Don’t ask Sangeeta Bhatia, SM ‘93, PhD ‘97, whether she’s a biologist or an engineer. For her, the question is beside the point, as it is for all the other MIT professors who use the tools of both engineering and biology to study cancer. “When one focuses on human disease, there isn’t a real boundary between science and engineering and medicine,” says Bhatia, an associate professor who is developing nanoparticles for monitoring and treating cancer.
Bhatia is one of many MIT researchers who will benefit from the establishment of the new David H. Koch Institute for Integrative Cancer Research. This fall, David H. Koch ‘62, SM ‘63, gave MIT $100 million to fund research that brings together biological and engineering approaches to fighting cancer. The Koch Institute will build on the pioneering work of MIT’s Center for Cancer Research; the center’s faculty members (along with 10 MIT engineering professors so far) have become its founding members. Koch’s gift will also speed the construction of a new cancer research facility, which breaks ground this March and is scheduled to open in 2010.
“Bringing in folks from other disciplines is important in the fight against cancer,” says Koch Institute director and biology professor Tyler Jacks, who directed the Center for Cancer Research. “We have the best engineers in the world, so our work force is unmatched.”
Jacks says that viewing cancer as an engineering problem–a relatively new idea–promotes new approaches to basic research and new ways of tackling practical problems. On the basic-research front, it means applying the mind-set and tools of engineering: looking at cells as complex systems and harnessing computer models that can make sense of large amounts of data. On the applied side, it means developing new drugs, new materials for delivering drugs, and new devices for monitoring disease progression.
Many MIT cancer researchers had already adopted this approach in the last five years or so, says Jacks, and the influx of funding and institutional support will ensure that their projects flourish.
“There’s an old-school artificiality to the idea of ‘engineers’ and ‘biologists,’ ” says Dane Wittrup, a professor of chemical engineering and bioengineering and a member of the Koch Institute. To accomplish anything in the biomedical field, he says, engineers “have to have biology in their labs and in their brains.”
Bhatia, who holds an MD in addition to her MIT degrees, agrees. Biologists and engineers have complementary skills; ideas flow in both directions, which is what makes working in both fields so exciting, she says: “We see many often unexpected examples of engineering enabling science through tool development, and science being translated through engineering into diagnostics and therapeutics.”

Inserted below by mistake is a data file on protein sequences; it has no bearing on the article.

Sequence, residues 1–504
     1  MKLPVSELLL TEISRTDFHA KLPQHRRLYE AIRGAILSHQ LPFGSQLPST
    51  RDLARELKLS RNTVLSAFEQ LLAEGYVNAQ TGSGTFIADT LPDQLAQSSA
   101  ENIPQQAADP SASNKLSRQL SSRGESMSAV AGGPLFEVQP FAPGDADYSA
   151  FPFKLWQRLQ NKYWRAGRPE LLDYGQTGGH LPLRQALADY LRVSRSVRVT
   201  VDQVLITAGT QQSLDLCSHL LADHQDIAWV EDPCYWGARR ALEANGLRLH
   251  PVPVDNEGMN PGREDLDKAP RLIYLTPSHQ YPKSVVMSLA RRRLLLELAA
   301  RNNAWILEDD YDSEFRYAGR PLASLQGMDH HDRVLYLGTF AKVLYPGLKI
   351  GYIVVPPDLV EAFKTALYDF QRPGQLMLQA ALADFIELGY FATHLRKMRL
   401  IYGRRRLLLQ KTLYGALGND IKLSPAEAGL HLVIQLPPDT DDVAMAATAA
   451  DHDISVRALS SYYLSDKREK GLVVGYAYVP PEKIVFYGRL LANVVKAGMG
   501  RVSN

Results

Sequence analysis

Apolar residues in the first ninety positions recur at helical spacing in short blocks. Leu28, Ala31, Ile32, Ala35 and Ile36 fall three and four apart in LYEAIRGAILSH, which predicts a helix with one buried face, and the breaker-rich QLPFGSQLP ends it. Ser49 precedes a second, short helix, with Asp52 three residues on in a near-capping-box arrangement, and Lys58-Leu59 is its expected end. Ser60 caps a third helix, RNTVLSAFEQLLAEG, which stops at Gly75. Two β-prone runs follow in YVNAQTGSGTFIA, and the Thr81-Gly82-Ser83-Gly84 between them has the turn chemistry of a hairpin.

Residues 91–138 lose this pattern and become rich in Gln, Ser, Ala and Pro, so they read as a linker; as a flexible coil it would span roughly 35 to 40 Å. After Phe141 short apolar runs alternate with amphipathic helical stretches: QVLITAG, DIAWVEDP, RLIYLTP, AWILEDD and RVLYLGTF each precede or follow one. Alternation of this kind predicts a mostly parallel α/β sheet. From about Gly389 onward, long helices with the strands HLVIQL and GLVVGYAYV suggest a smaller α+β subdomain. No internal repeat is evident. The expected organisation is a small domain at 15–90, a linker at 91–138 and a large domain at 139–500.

Here are three projects at MIT that illustrate how melding engineering and biology could help researchers understand–and ultimately cure–cancer.
Dane Wittrup is a protein engineer. He takes cancer therapies and tries to make them work better, with fewer side effects, through a combination of luck and design.
Wittrup makes high-performance antibody therapies that mobilize the immune system against cancer cells, which thrive because the body fails to recognize them as malignant. Classic chemotherapy drugs are “poisons” with harsh side effects, he says. An antibody protein, on the other hand, generally has fewer side effects because it binds to one particular target, such as a tumor antigen. “The immune system sees that [a cell] has antibodies all over it and responds: ‘It’s coated with antibodies, so I’m gonna kill it,’ ” he says.
In order to make better-performing protein therapies, Wittrup uses what’s called directed evolution. “You’re bottling Darwinian evolution and setting the survival rules yourself,” he says. First, he creates tens of millions of mutated versions of the gene for a particular protein and inserts each gene into a yeast cell. Then he uses various screening techniques to identify the yeast cells carrying the best version of the protein. This might be the protein that binds most strongly to a given target or the protein that’s most stable in a particular range of temperatures, among many other possibilities. Wittrup says that protein engineers have refined directed evolution to the point that they can use it to make whatever proteins they want. Now, instead of just working on new tools for designing proteins, he uses such tools to make proteins that could help treat cancer.